nep-ltv New Economics Papers
on Unemployment, Inequality and Poverty
Issue of 2011‒05‒24
six papers chosen by
Maximo Rossi
University of the Republic

  1. Firm-level Evidence on Gender Wage Discrimination in the Belgian Private Economy By Vincent VANDENBERGHE
  2. Biased Perceptions of Income Distribution and Preferences for Redistribution: Evidence from a Survey Experiment By Cruces, Guillermo; Perez Truglia, Ricardo; Tetaz, Martin
  3. Who Benefits from KIPP? By Angrist, Joshua; Dynarski, Susan; Kane, Thomas J.; Pathak, Parag A.; Walters, Christopher R.
  4. Job Loss in the Great Recession: Historical Perspective from the Displaced Workers Survey, 1984-2010 By Farber, Henry
  5. On the Role of Capital Gains in Swedish Income Inequality By Roine, Jesper; Waldenström, Daniel
  6. An Assessment of the Effectiveness of Anti-Poverty Programs in the United States By Yonatan Ben-Shalom; Robert A. Moffitt; John Karl Scholz

  1. By: Vincent VANDENBERGHE (UNIVERSITE CATHOLIQUE DE LOUVAIN, Institut de Recherches Economiques et Sociales (IRES))
    Abstract: In this paper we explore a matched employer-employee data set to investigate the presence of gender wage discrimination in the Belgian private economy labour market. Contrary to many existing papers, we analyse gender wage discrimination using an independent productivity measure. Using firm-level data, we are able to compare direct estimates of a gender productivity differential with those of a gender wage differential. We take advantage of the panel structure to identify gender-related differences from within-firm variation. Moreover, inspired by recent developments in the production function estimation literature, we address the problem of endogeneity of the gender mix using a structural production function estimator (Olley & Pakes, 1996; Levinsohn & Petrin, 2003) alongside IV-GMM methods where lagged value of labour inputs are used as instruments. Our results suggest that there is no gender wage discrimination inside private firms located in Belgium, on the contrary.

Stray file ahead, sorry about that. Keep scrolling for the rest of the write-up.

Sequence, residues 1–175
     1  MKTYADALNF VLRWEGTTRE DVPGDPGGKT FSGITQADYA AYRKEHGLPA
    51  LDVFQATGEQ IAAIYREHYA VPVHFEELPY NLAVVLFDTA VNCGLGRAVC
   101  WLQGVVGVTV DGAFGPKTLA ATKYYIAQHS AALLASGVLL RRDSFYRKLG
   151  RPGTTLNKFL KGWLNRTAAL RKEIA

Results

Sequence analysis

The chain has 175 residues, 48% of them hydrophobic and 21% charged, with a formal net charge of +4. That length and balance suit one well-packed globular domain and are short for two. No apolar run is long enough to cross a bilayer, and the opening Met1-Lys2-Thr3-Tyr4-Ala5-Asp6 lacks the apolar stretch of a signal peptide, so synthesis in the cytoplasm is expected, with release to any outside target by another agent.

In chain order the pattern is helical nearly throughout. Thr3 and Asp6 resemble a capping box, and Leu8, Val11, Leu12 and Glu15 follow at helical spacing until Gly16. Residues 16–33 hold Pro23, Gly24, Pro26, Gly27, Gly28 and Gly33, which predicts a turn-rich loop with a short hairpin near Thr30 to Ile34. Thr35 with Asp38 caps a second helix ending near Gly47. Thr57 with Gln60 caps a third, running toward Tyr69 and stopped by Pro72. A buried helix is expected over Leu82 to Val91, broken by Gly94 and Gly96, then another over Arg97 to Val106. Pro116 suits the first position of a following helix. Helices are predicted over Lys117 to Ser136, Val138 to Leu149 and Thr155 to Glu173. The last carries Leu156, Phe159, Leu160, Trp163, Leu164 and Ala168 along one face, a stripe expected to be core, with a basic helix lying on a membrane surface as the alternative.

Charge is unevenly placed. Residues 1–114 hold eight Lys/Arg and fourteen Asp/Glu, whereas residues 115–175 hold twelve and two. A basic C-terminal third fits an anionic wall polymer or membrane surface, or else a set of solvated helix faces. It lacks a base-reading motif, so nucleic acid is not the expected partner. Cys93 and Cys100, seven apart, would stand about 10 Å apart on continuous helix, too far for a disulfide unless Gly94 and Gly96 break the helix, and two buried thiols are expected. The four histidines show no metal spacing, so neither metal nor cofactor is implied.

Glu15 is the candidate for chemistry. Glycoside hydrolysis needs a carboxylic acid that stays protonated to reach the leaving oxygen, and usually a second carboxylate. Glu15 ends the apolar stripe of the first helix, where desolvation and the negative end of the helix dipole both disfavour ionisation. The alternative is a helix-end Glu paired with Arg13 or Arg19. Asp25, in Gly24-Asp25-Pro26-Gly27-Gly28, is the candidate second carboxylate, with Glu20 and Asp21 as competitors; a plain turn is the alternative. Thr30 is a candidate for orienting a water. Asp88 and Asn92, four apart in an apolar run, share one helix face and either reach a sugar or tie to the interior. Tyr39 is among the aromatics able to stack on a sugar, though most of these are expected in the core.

Keywords: gender wage discrimination; labour productivity; structural production function estimation; IV-GMM; firm-level panel data
    JEL: J24 C52 D24
    Date: 2011–04–29
    URL: http://d.repec.org/n?u=RePEc:ctl:louvir:2011016&r=ltv
  2. By: Cruces, Guillermo (CEDLAS-UNLP); Perez Truglia, Ricardo (Harvard University); Tetaz, Martin (CEDLAS-UNLP)
    Abstract: Individual perceptions of income distribution play a vital role in political economy and public finance models, yet there is little evidence regarding their origins or accuracy. This study examines how individuals form these perceptions and posits that systematic biases arise from the extrapolation of information extracted from reference groups. A tailored household survey provides original evidence on the significant biases in individuals’ evaluations of their own relative position in the distribution. Furthermore, the data supports the hypothesis that the selection process into the reference groups is the source of those biases. Finally, this study also assesses the practical relevance of these biases by examining their impact on attitudes towards redistributive policies. An experimental design incorporated into the survey provides consistent information on the own ranking within the income distribution to a randomly selected group of respondents. Confronting agents’ biased perceptions with this information has a significant effect on their stated preferences for redistribution. Those who had overestimated their relative position and thought of themselves relatively richer than they were demand higher levels of redistribution when informed of their true ranking. This relationship between biased perceptions and political attitudes provides an alternative explanation for the relatively low degree of redistribution observed in modern democracies.